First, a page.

Position sizing X: Scaling-in and scaling-out techniques
Scaling in and scaling out are usual techniques to increase the position while maintaining the risk stable. In this video presentation, we are going to explain how to do scaling in and out 3properly.
Scaling-in can be thought of as a means to reduce the risk while increasing the size of the position. Let’s say that you have a trading system optimal with a 10% total position sizing, and you expect to have no more than four open positions at a given time. Under these premises, the risk per position is 2.5%, but this may bring the overall drawdown to over 25%, which is too high for your tastes.
Pyramiding (scaling in) allows you to approximate your position to 2.5 % while using the market’s money to lower your risk to 1.25%, so your drawdown is reduced accordingly.
There are several ways to scale in. The basic idea is to add another position to an open trade after a determined profit milestone has been reached. This milestone is usually linked to volatility ( or range). Consequently, the stop-loss settings should also be related to volatility. Traders also associate it with new breakouts after consolidation or any other trend continuation signal. Finally, traders could consider adding a new position after the price moves a determined amount in his favor. One way is to wait for a 1R move, move the stop to BE, and add a position.
For example, let’s suppose a trader has a $10,000 account and wants to trade the EURUSD pair, actually trading at 1.1265. On the chart, the trader sees that the 4H range is 27 pips; thus, he sets the stop-loss setting to 81 pips (3X the 4H range). Let’s suppose that his analysis led him to conclude that the following action will completely fade the last upward movement. So, he opens a short trade (sell) with a profit target to 1.885 and an initial stop-loss of 1.1345 for about 3.3R trade. He begins to risk $125, which is 1.562 lots. The price starts moving in his favor, so he sets a new sell order for another 1.562 lots 27 pips below the open, another sell order 27 pips below this second sell order, and a final sell order at 27 pips below the previous order.
At the same time, the stops are moved 27 pips down every time a sell order is triggered. After the third trade, the trader has 4,6 lots., The last one has a $125 risk, the previous one has currently $83.3, and the initial order shows a $41.66 risk. That is so because the stop-loss was moved progressively from its initial value in 27 pip steps. So, even when the total risk should have been $375, the position has tripled after the pyramiding, but the risk has just doubled ($250), which is 2.5% risk the trader was seeking. Of course, there are plenty of variations on this theme. We might choose to split it into more steps 3, 4, 5. Or add positions at larger advances in our favor.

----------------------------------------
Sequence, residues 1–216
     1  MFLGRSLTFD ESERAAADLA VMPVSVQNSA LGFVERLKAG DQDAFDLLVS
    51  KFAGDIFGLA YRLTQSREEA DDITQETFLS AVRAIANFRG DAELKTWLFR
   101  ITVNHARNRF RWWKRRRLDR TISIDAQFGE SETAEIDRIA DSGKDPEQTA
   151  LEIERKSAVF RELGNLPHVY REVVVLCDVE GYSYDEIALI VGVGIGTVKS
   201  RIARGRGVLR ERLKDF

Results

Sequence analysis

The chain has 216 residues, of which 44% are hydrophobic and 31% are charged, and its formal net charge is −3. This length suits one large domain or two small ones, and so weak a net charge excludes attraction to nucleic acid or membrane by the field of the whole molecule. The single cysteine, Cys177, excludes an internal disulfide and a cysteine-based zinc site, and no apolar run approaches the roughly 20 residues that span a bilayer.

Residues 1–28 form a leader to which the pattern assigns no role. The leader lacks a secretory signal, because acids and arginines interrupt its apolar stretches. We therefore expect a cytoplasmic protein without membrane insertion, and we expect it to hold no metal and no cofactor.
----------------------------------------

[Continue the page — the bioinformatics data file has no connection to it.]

At some point, if the trader continues to add lots to his position, he may risk a swift movement against his position, wiping all then gains. Scaling out is the trader’s right method to plan ahead of time the potential support/resistance zones and set these levels as partial profit targets. Scaling out may be applied using the same volatility concepts. After the last entry, the trader may start scaling out when another measure of volatility or range has been reached, but technical levels should also be analyzed, so a blend of both can be made to make them optimal.
Scaling-In can be initiated using the following methods:
- Volatility/range based
- A percentage of the initial risk
- Successive continuation signals of the prevailing trend, after consolidation or rejection.
- A new entry every time the stop is moved to break-even for risk-free rides.
- It can be combined with profit targets to create a series of pyramiding entries: For instance, on the buy-side: 1.-Buy, 2.- Sell at resistance, 3.- buy 2,3,4… units at the pullback. Conversely, so on the sell-side, Sell, buy on support and sell appropriate 2,3,4… units at pullups.
Also worth mentioning is, traders should limit the total number of scale-ins within the desired risk limits, and never above the optimal f of the strategy.
Pyramiding works best on trending markets. But, it can be applied to any large movement to lower initial risk, and only add more positions if the trade continues moving in the desired direction.